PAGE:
The new tax year starts on 6 April. We’re not expecting you to reach for the party banners – but it's a good time to ensure you're on the right side of tax efficiency.

1. Use up your ISA allowance

Time is running out to use up year’s ISA allowance of £15,240. While you will get a fresh new allowance of £20,000 from 6 April, you won’t be able to carry this one over into the new tax year.

You can split your tax-free ISA allowance between a cash and stocks and shares ISA in any proportion you like.

But, there are a growing number of property-related ISA options to consider, too.

Help to Buy ISA: If you’re saving for your first home, a more useful kind of cash ISA (you can only save into one in each tax year) could be a Help to Buy ISA.

You can stash up to £200 a month into one of these accounts (in addition to an opening payment of £1,000) and the Government will offer a 25% bonus – up to a maximum of £3,000 – to put towards your first home.

Property ISAs: A property ISA, such as the one offered by Zoopla partner,, is another option. This counts as a stocks and shares ISA so you can pay into a Help to Buy ISA (or any other cash ISA) at the same time.

It works by pooling your cash with that of other investors into a special (REIT) fund. The fund is then used to purchase buy-to-let homes across UK cities.

Your investment tracks any changes in the value of these homes – and receives rental income on top. Both your income and gains will be paid to you free of tax.

You can open’s property ISA with just £100 and it’s also possible to transfer in any existing ISA balance/s you have from previous years. The tax-free perk is capped to the standard ISA allowance.

Tax-free savings with a Property ISA

Have you considered Property ISAs for your investment this year?

Learn more

2. Get to grips with your Personal Allowance

If you’re a landlord and receive rent from an investment property, it’s classed as income. And that means it’s liable to Income Tax.

However, everyone can earn a certain amount – whether it’s in rental profits or from a job – before Income Tax is payable. This is known as your Personal Allowance.  

For the current tax year (ending 5 April) your Personal Allowance stands at £11,000. Next tax year (starting 6 April), it will rise to £11,500. It’s important to use your Personal Allowance each tax year as you can’t carry it over to the next one.

3. Take advantage of the Marriage Allowance

If you own your investment home jointly with your spouse or civil partner, the profits from it will be split in equal shares for tax purposes (unless your ownership shares are different and you’ve told HMRC to split them in relative proportions). So, you can each use your Personal Allowance.

However, if you’re a non-taxpayer (ie, you have an annual income of £11,000 or less) and your partner is a basic rate taxpayer, you can transfer £1,100 of your Personal Allowance over to them under the Marriage Allowance. Next tax year, this amount rises to £1,150.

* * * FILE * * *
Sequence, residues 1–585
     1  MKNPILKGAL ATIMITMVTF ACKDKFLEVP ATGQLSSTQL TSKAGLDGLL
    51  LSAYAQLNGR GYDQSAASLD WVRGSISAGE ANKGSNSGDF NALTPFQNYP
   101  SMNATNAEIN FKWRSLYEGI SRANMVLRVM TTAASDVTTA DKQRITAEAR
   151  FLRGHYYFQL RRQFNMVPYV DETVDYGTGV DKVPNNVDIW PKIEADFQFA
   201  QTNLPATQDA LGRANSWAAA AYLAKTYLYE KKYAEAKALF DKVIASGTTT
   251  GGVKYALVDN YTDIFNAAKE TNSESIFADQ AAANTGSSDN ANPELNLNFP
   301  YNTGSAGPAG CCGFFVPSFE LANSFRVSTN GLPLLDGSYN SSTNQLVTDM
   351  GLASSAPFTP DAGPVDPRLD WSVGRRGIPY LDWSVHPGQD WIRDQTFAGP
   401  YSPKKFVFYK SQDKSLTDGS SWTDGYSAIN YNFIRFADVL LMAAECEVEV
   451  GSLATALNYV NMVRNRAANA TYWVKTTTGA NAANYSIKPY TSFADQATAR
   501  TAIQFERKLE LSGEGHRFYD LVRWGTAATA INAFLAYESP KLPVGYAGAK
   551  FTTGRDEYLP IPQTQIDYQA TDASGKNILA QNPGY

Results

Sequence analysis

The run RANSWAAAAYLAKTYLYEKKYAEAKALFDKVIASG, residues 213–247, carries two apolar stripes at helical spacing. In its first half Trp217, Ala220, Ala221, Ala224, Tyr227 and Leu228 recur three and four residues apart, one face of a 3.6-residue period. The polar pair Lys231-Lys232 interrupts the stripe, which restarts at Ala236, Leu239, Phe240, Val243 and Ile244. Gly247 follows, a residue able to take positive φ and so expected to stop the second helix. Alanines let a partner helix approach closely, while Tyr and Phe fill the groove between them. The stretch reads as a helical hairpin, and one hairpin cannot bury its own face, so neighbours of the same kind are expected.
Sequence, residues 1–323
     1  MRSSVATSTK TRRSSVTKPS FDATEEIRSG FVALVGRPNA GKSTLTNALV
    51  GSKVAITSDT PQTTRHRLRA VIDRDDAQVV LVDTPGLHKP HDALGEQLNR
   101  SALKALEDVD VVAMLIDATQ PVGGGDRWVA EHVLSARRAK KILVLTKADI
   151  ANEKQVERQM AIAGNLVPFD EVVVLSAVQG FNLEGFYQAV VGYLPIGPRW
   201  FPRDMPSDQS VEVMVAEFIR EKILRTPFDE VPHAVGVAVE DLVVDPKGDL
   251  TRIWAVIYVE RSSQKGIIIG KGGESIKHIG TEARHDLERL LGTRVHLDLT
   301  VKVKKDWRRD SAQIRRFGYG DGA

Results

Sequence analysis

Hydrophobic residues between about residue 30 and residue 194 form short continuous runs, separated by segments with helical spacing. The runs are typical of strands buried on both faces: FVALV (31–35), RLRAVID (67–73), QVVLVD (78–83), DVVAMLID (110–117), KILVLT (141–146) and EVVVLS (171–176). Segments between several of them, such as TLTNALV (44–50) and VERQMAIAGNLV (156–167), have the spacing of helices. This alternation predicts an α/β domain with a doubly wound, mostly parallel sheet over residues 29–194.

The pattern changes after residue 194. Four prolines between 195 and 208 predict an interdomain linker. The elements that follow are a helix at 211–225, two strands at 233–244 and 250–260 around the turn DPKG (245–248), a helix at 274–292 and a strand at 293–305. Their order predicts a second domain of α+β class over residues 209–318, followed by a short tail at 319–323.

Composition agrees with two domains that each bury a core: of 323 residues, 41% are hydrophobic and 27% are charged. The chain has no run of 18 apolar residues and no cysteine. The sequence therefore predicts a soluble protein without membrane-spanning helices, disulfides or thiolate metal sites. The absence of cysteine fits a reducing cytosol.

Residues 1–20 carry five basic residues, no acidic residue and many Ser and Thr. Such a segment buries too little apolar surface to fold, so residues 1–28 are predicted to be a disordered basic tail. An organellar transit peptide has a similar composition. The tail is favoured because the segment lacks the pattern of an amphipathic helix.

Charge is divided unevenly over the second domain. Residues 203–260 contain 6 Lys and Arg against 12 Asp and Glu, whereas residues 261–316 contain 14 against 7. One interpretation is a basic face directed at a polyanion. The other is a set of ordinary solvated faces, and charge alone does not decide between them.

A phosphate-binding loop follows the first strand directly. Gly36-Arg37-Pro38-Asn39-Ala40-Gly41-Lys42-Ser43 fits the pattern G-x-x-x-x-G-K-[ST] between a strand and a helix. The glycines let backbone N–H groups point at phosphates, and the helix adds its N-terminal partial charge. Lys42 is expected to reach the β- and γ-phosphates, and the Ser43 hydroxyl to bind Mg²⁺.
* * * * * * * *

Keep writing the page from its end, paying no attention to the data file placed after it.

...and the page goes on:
You can also claim £1,060 from last tax year (ending April 2016) if you were eligible for the Marriage Allowance and didn’t get around to it.

Taking advantage of this tax perk will mean your partner will be able to earn more in rental profits before paying tax.

Tax form

4. Offset all the expenses you can

If you’re a landlord, you’ll probably be aware that the screws have been turning on the tax reliefs available to you.

Last April, wear and tear relief that had been available at 10% was scrapped. Now landlords renting furnished properties can only claim for the actual cost of damage or repairs.

And from this April, relief on buy-to-let mortgage interest payments will also be capped – this time at the basic rate of 20%, so higher rate (40%) and additional rate (45%) taxpayers stand to lose the most.

There are still plenty of allowable expenses you can claim though – including general maintenance and repairs to the property, service charges, lettings agent fees and insurance – so make the most of them before the start of the new tax year.

5. Make the most of what you can gift

The slice of your estate’s value that’s worth over £325,000 when you die may be subject to Inheritance Tax (IHT), which is payable at 40%. But any unused allowance is transferable to your spouse when the other of you dies, which can increase it up to £650,000.

However, you can drip feed your wealth to your dependents or loved ones by giving gifts of up to £3,000 in total IHT-free each tax year. If this is your intention, you have four weeks left to make this year’s transfer.

For other ways of mitigating IHT, or avoiding it altogether, visit

It's also worth knowing that IHT rules are about to change! From 6 April 2017, if you leave the family home to a direct descendant (a child or grandchild for example), you'll have an additional £100,000 added to this £325,000 nil-rate band.

This additional allowance will increase to £175,000 per person over the next four years, and doubles up for married couples/civil partners.

As well as simplifying estate planning arrangements, this change could result in immediate tax savings of up to £80,000, according to independent financial advisers, Hargreaves Lansdown. 

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